Planning to modify79%Not planning to modify*People were asked whether their current residence needs any significant repairs, modifications, or changes to improve their ability to live there over the next five years.*People who said that their homes need modification were asked if they plan to make the change over the next five years.

Figure 3.1, IndianaNote: Percentages may not add up to 100% due to rounding and/or missing information.17%4%DK/RF

Source: AdvantAge Initiative Community Survey in Indiana 2008 Excludes Area 2 (Elkhart, Kosciusko, LaPorte, Marshall & St. Joseph Counties) which was surveyed in 2006.146,00019,000Type of modification needed

Cosmetic/minor repairsBetter cooling in the summerAccommodations for disabilitiesStructural changes/ major repairsBathroom modificationMedical emergency response systemFix problem with insects/rodentsOtherBetter heating in the winterFigure 3.2, Indiana

Unweighted N=4,509Weighted N=973,489

Source: AdvantAge Initiative Community Survey in Indiana 2008 Excludes Area 2 (Elkhart, Kosciusko, LaPorte, Marshall & St. Joseph Counties) which was surveyed in 2006.8,7605,840Addin on: Accessory Dwelling Units Housing for Aging in Place

Technical Assistance/PlansSmall grants to purchase consultationWorkshops and videosWage subsidies for eligible employeesProduced 75 ADUs in two years!

Santa Cruz, CA

Startin from Scratch

Movin on Up!

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ELDER-CENTRIC VILLAGE MOVEMENTEnvironments for Aging 2011 | March 22, 2011#2011 Morrison Kattman Menze, Inc.Think of a small town you are familiar with, and then think of a typical CCRC.Cities like Kendallville, IN (Pop = 10,000) have no choice BUT to embrace themselves as an environment for aging.The scale is eerily similar, the density and diversity is not.30Accessible bldg. designShopping w/in close proximityDrugstores, grocery, & hospitals in close proximityRecreation opportunitiesSafe, well-designed sidewalks Complete StreetsDesign on a human scaleProvide choicesMixed-use developmentPreserve urban centersVibrant public spacesProtect environmentalresourcesConserve landscapesDesign matters Livable Communities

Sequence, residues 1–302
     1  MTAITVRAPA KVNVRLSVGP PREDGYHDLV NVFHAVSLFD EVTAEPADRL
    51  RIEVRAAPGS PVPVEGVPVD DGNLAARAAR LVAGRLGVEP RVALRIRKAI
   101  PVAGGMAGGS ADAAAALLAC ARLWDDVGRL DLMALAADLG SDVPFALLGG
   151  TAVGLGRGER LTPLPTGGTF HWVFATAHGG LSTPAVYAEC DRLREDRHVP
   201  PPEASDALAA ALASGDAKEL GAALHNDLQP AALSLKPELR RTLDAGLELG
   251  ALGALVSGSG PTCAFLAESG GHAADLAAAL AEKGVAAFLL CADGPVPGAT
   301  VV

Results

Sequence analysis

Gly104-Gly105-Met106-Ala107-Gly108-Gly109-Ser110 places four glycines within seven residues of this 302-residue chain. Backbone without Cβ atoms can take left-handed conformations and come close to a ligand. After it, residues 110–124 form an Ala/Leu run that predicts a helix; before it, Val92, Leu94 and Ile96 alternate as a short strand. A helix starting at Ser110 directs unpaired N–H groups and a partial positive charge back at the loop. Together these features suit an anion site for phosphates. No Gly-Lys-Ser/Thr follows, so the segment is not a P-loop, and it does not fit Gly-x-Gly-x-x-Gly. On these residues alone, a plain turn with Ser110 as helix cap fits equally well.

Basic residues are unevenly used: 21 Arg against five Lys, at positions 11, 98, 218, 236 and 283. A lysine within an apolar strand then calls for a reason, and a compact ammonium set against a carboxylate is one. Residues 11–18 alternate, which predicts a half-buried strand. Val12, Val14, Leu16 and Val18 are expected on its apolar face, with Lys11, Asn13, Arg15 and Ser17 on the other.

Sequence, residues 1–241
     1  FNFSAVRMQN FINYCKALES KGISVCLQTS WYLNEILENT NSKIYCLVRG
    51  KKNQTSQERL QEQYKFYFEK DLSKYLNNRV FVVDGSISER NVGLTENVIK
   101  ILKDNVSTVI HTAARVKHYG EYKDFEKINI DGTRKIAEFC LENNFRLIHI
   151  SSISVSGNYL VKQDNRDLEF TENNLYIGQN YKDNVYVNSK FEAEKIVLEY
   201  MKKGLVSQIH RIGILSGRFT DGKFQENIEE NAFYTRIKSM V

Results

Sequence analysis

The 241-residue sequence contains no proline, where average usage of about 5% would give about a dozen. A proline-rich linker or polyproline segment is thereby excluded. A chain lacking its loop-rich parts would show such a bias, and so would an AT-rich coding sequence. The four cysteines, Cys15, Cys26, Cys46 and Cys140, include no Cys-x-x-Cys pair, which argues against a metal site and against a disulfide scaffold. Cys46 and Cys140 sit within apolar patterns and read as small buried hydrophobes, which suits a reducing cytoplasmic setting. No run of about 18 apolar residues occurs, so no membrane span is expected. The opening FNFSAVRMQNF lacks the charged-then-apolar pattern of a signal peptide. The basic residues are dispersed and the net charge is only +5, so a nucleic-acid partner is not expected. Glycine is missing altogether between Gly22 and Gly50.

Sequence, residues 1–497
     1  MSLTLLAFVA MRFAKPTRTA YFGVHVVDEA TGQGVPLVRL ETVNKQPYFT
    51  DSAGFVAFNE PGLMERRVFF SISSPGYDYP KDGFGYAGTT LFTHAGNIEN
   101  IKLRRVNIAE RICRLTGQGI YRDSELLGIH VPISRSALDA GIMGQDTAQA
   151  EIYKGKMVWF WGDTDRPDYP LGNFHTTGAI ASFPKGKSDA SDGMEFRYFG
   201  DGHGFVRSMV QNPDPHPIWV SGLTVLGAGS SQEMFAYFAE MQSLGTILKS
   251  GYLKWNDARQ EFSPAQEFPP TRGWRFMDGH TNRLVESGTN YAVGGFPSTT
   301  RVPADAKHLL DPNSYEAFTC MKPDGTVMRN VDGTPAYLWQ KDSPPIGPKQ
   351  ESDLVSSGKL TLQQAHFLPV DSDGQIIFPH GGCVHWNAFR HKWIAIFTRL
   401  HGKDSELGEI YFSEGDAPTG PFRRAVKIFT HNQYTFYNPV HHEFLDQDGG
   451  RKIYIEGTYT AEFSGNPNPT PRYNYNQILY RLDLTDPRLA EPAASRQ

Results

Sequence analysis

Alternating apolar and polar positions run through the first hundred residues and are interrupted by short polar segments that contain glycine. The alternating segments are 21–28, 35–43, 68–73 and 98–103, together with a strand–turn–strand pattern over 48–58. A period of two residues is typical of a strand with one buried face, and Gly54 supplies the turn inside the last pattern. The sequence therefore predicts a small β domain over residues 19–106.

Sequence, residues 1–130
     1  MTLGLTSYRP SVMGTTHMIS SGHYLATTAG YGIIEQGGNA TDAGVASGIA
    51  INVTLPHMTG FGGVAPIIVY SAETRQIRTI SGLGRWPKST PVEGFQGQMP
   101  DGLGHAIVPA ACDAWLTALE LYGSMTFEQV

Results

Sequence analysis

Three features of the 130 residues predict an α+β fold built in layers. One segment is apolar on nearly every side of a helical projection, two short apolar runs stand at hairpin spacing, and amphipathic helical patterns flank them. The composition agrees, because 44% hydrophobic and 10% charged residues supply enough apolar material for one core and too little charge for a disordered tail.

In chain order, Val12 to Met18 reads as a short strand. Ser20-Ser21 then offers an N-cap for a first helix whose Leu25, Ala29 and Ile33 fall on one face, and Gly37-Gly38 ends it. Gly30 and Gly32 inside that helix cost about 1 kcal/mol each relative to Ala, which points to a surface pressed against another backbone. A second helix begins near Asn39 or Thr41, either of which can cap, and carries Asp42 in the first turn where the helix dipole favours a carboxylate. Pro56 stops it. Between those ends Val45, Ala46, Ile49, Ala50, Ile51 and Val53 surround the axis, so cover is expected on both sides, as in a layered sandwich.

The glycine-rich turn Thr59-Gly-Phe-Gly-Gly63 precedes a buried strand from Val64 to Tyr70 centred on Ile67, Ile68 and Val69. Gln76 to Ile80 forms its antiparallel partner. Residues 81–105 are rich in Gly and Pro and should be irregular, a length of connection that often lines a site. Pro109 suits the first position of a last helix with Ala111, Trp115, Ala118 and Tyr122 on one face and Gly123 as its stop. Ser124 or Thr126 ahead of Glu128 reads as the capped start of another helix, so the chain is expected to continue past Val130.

AARP Livable CommunitiesAIA Principles for Livable Communities 2012 Age2Age

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So what policies and actions are needed for this?Housing:Existing built/natural assetsSocial capital and political willFinancial incentivesZoning ordinance revisionsDemonstrate marketFor profit and not for profit community development activities that promote the above features will have access to financial incentives that may include the following:

Targeted HUD funding (HOME, CDBG, etc.)Tax abatementsTax credits for service employees living in the zoneHousing trust funds, Historic Tax creditsFee waivers (permits, tie-ons, etc.)Low interest loans and grantsParking waiversDensity bonusesTargeted services and vendor discountsLot size waiversStreet vacation (street to path)Specialized zoningCommunity land trust propertiesDownpayment assistance programLocation efficient mortgages Design assistance Efficient development reviewTax increment retention for the districtReal Estate transfer taxGrants Alternative currencies (e.g. Time Bank)Municipal bonds Marketing and promotional support

Every human community, if it is to last, must exert a kind of centripetal force, holding local soil and local memory in place.

Wendell Berry

Contact informationPhilip B. Stafford, Ph.D.Director, Center on Aging & Community, Indiana Institute on Disability and CommunityIndiana University1905 N. Range RoadBloomington, IN [email protected]

www.lifetimecommunities.org